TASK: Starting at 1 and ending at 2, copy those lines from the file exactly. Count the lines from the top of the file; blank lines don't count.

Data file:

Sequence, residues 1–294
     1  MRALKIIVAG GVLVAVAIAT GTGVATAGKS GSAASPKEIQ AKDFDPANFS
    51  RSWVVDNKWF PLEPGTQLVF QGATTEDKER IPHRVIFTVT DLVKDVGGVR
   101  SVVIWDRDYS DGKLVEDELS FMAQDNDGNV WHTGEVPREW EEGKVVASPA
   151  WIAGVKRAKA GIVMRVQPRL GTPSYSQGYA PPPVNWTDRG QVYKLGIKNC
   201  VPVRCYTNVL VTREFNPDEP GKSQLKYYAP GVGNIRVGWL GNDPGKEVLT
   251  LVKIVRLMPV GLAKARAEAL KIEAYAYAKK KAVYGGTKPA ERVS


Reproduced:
Sequence, residues 1–294
     1  MRALKIIVAG GVLVAVAIAT GTGVATAGKS GSAASPKEIQ AKDFDPANFS